Five local students and one local business owner sat in a room with the Ohio Secretary of State on Tuesday and bounced business ideas, needs and strategy off of the descendant of immigrant entrepreneurs.
Frank LaRose, 42, of Hudson, explained to the group that while each year he is passionate about fair and equitable elections in Ohio, the other half of the elected office is focused on business.
“I’ve been in this office for (a little over) a year and we’re the front door for new businesses when somebody wants to get their articles of incorporation,” LaRose explained. “So whether it’s like my great-grandfather who immigrated from Italy and started our family business 80 years ago and in those days he had to mail his paperwork to Columbus, or it’s a woman here in Marietta going through our website tonight and will be notified six to 10 hours later after paying the lowest fee in any state in the Midwest, we’re trying to make it easy for people to do business in Ohio.”
And entrepreneurship, the willingness to dream and take business risks, was the topic of discussion Tuesday in the Prince Forum of Marietta College’s Legacy Library, affording that intimate opportunity to think out loud and for young students to receive another layer of feedback from the head of the very office which processes businesses’ articles of incorporation in the state.
“Entrepreneurship is more than starting a new venture, it’s a skill you can use in all aspects of life even when you work for someone else. People want creative workers, people don’t want to hire robots,” said Dr. Jacqueline Khorassani, director of the entrepreneurship program at Marietta College.
Around the room were Doug Ankrom, president and CEO of Riverview Credit Union; Chris Pfeiffer, a small business owner and resident of Marietta; Sophia Nayak, a rising high school sophomore of Veritas Classical Academy in Marietta and the winner of the Junior PioBiz competition this year with the college’s entrepreneurship program; Dr. Bill Ruud, president of the college; and MC students of the entrepreneurship program Allison Barnes, of Lancaster, Austin McCleary, of Marietta, and Hannah McKain, of Parkersburg.
LaRose dove into the business ideas still in development and plans of the students who’ve made their pitches.
Nayak explained the design of a medical services comparison app.
“I’m such a believer in competition, it makes us stronger,” LaRose told her. “It’s good to have competition and to bring that free-market competition to the medical space has really been lacking for too long, that’s a really cool idea.”
Barnes explained a vision to bring art classes to learners in parks and public spaces, with feedback from LaRose including marketing to companies for business retreats.
“Maybe you can see as a for-profit (business) someday, a lot of companies are looking for team-building activities for their associates where they will take a retreat in the summer and have serious meetings in the morning and serious meetings in the afternoon and maybe midday they could do an art workshop, that could be a thing where the company pays you to do that for their employees,” he suggested.
For nonprofit advice, LaRose first listened to the backstory and vision of McCleary in the proposed “Car Library.”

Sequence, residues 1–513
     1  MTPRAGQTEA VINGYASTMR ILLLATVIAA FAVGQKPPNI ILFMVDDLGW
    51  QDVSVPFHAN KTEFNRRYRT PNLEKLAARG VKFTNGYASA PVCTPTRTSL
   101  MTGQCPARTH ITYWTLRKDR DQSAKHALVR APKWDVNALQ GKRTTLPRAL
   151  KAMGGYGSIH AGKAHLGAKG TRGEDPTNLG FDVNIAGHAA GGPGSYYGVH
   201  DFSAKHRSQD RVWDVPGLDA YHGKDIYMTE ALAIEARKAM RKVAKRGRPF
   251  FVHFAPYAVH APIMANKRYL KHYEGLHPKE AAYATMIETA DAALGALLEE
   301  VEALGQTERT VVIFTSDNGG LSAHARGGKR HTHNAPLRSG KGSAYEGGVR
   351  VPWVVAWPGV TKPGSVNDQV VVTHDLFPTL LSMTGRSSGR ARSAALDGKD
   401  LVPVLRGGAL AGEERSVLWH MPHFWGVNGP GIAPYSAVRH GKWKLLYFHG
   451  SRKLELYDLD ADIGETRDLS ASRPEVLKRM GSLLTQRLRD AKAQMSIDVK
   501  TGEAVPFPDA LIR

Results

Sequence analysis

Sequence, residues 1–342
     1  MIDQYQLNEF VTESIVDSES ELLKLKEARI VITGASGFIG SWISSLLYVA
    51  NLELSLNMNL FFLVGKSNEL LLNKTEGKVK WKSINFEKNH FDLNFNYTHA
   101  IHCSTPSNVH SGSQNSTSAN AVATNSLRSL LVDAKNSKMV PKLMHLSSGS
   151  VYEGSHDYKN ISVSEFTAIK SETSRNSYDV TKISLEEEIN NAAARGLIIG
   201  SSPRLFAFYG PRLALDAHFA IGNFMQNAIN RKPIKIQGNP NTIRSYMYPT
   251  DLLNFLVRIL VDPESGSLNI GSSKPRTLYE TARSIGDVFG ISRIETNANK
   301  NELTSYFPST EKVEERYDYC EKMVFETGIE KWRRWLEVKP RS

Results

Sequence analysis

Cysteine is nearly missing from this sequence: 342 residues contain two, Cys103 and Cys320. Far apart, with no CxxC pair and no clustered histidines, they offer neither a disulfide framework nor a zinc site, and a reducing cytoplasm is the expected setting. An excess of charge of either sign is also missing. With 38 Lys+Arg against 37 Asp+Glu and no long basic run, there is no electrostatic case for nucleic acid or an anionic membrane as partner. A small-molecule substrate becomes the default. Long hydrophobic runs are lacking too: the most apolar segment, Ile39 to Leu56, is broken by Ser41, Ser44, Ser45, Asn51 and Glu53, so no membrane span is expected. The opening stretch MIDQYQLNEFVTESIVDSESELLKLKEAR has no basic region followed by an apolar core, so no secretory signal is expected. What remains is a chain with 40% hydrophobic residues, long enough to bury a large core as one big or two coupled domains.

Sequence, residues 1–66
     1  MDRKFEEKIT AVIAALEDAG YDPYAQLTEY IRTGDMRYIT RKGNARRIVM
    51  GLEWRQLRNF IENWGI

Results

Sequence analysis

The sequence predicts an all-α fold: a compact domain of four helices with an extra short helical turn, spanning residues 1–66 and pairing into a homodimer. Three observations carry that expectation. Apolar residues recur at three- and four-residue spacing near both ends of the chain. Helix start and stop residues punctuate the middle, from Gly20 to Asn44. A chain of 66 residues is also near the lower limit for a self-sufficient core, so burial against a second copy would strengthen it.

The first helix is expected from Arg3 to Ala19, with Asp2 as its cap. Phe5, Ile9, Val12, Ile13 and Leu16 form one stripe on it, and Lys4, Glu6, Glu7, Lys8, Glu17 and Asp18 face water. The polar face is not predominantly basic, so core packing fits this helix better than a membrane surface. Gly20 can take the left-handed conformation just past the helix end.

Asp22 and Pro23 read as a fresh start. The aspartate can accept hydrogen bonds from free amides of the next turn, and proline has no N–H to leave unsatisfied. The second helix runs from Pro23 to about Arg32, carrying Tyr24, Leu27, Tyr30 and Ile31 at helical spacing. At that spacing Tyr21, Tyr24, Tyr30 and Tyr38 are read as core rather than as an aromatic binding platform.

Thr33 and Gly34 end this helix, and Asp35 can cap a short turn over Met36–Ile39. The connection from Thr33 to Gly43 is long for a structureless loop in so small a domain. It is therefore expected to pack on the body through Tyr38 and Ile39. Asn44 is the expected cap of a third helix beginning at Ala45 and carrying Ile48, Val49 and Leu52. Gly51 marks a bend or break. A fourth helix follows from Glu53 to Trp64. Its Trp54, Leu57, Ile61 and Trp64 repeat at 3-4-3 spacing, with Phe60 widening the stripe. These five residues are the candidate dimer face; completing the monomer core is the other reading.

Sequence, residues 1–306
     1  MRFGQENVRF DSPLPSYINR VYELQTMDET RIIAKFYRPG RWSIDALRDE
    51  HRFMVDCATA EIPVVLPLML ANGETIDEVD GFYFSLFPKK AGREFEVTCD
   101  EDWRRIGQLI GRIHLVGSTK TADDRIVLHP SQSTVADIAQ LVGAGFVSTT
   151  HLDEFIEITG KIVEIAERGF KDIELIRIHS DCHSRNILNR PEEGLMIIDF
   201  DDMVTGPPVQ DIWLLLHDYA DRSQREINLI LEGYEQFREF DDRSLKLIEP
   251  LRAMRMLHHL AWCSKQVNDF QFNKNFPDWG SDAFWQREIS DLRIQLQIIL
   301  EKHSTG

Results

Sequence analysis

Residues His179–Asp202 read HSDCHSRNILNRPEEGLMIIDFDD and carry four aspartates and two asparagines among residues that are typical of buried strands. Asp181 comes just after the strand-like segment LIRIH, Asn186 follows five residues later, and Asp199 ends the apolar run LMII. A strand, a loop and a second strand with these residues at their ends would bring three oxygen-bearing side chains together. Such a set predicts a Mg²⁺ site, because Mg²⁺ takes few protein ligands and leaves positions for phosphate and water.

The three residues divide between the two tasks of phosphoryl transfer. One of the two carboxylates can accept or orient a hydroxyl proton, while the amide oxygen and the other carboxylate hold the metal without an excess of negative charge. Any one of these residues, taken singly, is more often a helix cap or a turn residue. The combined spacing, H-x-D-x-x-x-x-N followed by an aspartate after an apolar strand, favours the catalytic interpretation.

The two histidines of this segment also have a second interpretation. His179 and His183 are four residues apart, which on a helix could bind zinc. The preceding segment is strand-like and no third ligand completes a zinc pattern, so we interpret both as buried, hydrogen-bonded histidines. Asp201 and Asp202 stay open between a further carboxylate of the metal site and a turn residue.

McCleary explained that growing up in a rural and low-income environment, access to transportation and the funds to find independent transportation created barriers that inspired his idea as an actuarial science major at the college.
“I grew up in a very low-income household and in high school, I really wanted to get a car and I was more than willing to work hard to get a car, but I lived in a rural area and my family only had one car,” he explained.
This created a barrier to get to a job to make the money to purchase that independence.
“Living in a rural area, public transportation is not really available and Uber is not really an option,” described McCleary. “Ultimately I was able to get a car before going to college by working overnights at Walmart, I’d work from 10:30 p.m. to 7 a.m. … that was the one time of day that my parents didn’t need their car.”
He explained a vision for partnership with dealerships and insurance companies to lower the barrier to independent transportation by a rent-to-own system that empowers individuals without means to build savings for a vehicle.
“I’m familiar with the model because I’ve seen them pop up around Columbus over the years where you have an app that you can borrow a car for short-term use,” said LaRose. “But what you’re talking about is getting people into their own reliable transportation, that’s very interesting.”
McKain fielded an early idea for the mesh of essential oil therapies with a beauty product line born out of her own mental health insights as a student.
Pfeiffer explained that not only has he operated The Bread Garage as a small business owner, but also has owned a digital marketing company, is involved in a sheet metal fabrication company in Parkersburg, and most recently completed a second term on the advisory board for the college’s entrepreneurship program.
He challenged LaRose to look further into cottage industry protections to help local entrepreneurs like the ones he sees at the River City Farmer’s Market each Saturday thrive in a marketplace economy.
LaRose noted following the meeting an inclination not only to check out the market’s success on Butler Street, but also to explore the local bicycle and multi-use trails in Marietta with his family upon his return.
Janelle Patterson may be reached at [email protected].